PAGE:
Is There Room for Positive Stories in Science Fiction and Fantasy?
by Bryan Thomas Schmidt
In my last post, I talked about a call for a return to admirable heroes. While anti-heroes have their place, and while they are dominating the field, many people, living in the dark, troubled modern age, are looking for hope and inspiration of a kind that was popular in the Golden Age, earlier days. Right along with it, I believe is a desire for happier endings.
Fiction tends to reflect its times. Real life events and the emotional reactions they engender inspire writers to comment through their work. Moral delimmas are presented. Questions posited, answers challenged. It’s normal and popular. In the wake of events in the Middle East, we see more books and movies about the conflict, terrorism and what it means. People wonder how we should react. What was wrong, what was right? And what does it mean for our future?
Although it’s right and fine to ask such questions, the inevitable conclusions are far from encouraging most times. Dark events have dark lessons and dark morals and dark challenges associated with them. While discussing and analyzing them is vital, if they consume our focus, they can be discouraging, depressing, emotionally draining.
While some argue that every story teaches a lesson, and to some degree, this is true. I believe there’s room for stories that entertain first, teach second. All writers project our own worldviews and agendas on our work, through our characters and the situations in which we choose to place them. But all too often these days, I find myself finishing books with an emptiness and discouragement I’d hoped they’d help erase. I wanted to see possibilities; be challenged to reach further ; catch a glimpse of brighter days ahead.
My friend Brad Torgersen recently blogged about his two years as a professional science fiction writer and noted how nihilism has invade science fiction and fantasy to a degree that leaves people longing for hope.Torgersen writes:
“It’s probably a leftover from the New Wave, that the science fiction culture has absorbed a great deal of the nihilism of contemporary literary culture (“Life is meaningless, all is without hope, despair, despair!”) without realizing that what makes science fiction truly different from its learned betters is that sci-fi is a genre ready-built forhope.”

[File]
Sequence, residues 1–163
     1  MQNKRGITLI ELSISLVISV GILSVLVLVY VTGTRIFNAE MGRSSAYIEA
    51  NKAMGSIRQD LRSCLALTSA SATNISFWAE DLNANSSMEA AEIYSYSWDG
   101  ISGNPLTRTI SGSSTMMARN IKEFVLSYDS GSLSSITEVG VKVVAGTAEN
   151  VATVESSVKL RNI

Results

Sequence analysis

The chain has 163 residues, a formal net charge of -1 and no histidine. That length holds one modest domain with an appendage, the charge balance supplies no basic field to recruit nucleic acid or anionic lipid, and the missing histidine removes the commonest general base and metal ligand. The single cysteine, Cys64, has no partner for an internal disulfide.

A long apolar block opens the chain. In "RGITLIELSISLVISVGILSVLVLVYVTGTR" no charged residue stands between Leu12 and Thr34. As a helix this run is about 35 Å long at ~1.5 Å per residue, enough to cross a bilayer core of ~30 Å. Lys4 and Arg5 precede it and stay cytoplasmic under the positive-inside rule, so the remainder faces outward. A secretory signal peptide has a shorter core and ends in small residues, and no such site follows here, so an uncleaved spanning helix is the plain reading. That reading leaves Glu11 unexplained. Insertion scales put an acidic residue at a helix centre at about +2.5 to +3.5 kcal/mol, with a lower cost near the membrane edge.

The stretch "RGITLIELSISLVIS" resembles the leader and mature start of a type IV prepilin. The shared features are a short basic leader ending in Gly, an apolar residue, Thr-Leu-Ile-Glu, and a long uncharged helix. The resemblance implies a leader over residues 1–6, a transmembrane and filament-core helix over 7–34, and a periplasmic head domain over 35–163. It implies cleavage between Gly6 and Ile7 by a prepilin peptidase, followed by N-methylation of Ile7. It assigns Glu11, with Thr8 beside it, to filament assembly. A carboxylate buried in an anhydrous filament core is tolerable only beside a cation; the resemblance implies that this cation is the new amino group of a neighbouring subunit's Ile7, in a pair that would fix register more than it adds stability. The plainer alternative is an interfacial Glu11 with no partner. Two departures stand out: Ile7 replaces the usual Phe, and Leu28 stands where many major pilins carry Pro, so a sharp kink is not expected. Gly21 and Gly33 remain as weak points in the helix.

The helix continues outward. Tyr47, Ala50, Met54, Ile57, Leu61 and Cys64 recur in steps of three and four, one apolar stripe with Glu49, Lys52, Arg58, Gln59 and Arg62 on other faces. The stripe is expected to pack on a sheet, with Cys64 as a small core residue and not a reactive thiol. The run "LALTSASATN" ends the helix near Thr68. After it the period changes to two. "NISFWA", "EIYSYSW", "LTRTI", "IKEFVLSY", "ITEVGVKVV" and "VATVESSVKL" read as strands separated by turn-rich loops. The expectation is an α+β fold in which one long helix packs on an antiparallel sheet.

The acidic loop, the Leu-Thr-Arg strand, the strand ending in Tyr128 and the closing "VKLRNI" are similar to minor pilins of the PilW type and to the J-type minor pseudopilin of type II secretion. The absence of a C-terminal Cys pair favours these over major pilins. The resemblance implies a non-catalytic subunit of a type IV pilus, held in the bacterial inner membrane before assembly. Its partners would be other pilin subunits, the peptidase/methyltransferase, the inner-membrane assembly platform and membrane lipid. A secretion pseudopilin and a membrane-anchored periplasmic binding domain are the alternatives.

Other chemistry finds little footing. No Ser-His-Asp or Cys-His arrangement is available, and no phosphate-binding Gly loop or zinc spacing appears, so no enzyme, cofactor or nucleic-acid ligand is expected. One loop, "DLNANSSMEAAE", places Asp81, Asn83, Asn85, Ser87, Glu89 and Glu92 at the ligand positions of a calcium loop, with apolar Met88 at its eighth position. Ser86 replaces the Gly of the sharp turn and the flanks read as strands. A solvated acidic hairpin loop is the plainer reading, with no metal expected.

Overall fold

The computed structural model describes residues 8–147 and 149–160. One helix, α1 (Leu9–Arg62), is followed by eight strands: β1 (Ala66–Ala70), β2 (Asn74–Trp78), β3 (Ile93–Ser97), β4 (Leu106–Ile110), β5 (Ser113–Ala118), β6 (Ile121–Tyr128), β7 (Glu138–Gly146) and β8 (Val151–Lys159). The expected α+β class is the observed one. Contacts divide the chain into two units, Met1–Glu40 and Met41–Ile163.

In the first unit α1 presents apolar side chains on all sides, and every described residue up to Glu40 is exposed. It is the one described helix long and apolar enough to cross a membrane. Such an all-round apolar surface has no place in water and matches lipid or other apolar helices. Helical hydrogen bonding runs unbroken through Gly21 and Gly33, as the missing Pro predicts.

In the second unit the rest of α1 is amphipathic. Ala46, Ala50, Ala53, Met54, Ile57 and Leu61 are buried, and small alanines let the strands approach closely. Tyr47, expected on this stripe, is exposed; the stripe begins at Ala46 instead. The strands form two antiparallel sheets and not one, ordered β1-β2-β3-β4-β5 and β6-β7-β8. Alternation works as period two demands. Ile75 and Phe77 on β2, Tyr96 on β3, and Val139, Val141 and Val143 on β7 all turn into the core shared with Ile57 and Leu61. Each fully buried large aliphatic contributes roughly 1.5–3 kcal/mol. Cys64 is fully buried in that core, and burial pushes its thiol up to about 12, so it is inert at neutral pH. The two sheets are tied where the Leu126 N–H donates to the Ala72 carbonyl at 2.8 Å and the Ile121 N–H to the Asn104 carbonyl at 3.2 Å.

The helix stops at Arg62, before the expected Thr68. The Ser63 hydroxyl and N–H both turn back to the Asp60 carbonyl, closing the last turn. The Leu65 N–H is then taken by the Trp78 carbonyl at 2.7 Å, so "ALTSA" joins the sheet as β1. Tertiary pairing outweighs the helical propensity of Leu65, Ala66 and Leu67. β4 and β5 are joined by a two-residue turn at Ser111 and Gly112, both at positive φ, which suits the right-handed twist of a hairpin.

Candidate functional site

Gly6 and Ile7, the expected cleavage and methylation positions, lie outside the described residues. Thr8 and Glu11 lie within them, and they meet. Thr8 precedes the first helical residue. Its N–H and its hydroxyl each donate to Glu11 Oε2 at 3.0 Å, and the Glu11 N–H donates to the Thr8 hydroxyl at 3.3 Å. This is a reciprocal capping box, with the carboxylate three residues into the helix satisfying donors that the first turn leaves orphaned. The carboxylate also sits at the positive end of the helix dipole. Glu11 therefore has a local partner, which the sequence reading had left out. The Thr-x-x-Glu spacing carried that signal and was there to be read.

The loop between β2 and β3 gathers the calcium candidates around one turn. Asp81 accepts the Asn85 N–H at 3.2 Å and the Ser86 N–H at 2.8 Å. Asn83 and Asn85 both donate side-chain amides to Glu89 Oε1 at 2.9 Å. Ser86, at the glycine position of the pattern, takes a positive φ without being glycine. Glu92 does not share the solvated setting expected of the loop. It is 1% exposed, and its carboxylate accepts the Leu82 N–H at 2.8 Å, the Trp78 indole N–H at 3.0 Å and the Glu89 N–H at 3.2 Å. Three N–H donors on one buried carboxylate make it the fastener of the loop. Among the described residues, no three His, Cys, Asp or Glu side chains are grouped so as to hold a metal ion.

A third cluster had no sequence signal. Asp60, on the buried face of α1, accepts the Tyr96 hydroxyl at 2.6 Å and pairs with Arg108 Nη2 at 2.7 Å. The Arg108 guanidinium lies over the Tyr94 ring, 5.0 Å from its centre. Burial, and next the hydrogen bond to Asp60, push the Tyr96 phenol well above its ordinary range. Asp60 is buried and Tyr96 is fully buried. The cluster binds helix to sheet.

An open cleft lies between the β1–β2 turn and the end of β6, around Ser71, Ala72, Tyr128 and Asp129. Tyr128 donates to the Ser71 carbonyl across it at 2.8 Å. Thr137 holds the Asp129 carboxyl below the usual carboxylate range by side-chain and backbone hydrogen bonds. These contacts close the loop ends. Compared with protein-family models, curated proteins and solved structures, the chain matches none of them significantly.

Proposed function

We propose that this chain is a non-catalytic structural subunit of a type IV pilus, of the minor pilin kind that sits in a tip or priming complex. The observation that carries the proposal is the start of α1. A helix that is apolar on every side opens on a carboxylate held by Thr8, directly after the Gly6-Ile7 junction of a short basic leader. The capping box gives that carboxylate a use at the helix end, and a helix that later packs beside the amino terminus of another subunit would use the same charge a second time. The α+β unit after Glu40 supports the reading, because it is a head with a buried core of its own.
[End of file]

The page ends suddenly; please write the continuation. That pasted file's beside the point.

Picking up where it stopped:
I agree. And I find myself amongst those longing for more hopeful visions of our tomorrows.
It’s not just old fashioned heroes we miss. I think it’s old fashioned stories—stories where good people fought for good causes and came out ahead, making for a better world. Is it really so hard to believe such outcomes are possible these days? What’s the purpose of science if not to seek improvements in both understanding and technology, etc. to better our lives and our world? Fiction is about communicating and examining ourselves and our world. Is it really true that all we see are negatives at this point? It’s a sad state we’re in if that’s the case.
Perhaps you’ll think me naïve, but I really do believe we can make a better world. I believe we can make a difference. And I believe the future can be brighter if we work together. And one of the reasons I fell in love with science fiction and fantasy literature was because they presented hopeful possibilities for a future that excited me, not one I would dread.
There is a time and a place for nihilistic views. There is a time and a place for sobering reflection. But I don’t believe those need to dominate speculative fiction. If all we have to speculate about are sad, depressing tomorrows, why bother? We can get enough of that sentiment in our sad, depressing todays, can’t we?
So I do believe there’s still room for positive stories in Science Fiction and Fantasy. I think audiences are demanding them. Look one of the most popular series of recent days: The Harry Potter stories drip with themes of redemption and self-sacrifice for others. I’m sure there are others but why is it that the majority coming to mind are aimed at children? Isn’t there room for hope amongst adults?
I wonder if the decline in sales in Science Fiction is in part due to the nihilistic themes so prevalent in the genre’s literature today. Fantasy continues to be popular, of course, but I have a harder time thinking of examples there where nihilism rules the day. The Song Of Ice and Fire books are gritty and dark, yes, but still, there are admirable heroes who fight against evil for good. Fantasy isn’t immune to the phenomenon, but perhaps it’s distance from reality due to its lack of science as a required basis leads us to write with more hopeful, positive outlooks in such stories?
I believe there is room for hopeful stories. And I believe readers are clamoring for it. I’ve tried to write some in my own work. And Brad Torgersen is doing the same. I wonder when and how many others will rise to the challenge and do the same.
Bryan Thomas Schmidt is the author of the space opera novel The Worker Prince, the collection The North Star Serial, and has several short stories forthcoming in anthologies and magazines. His second novel, The Returning, is forthcoming from Diminished Media Group in 2012. He’s also the host of Science Fiction and Fantasy Writer’s Chatevery Wednesday at 9 pm EST on Twitter, where he interviews people like Mike Resnick, AC Crispin, Kevin J. Anderson and Kristine Kathryn Rusch.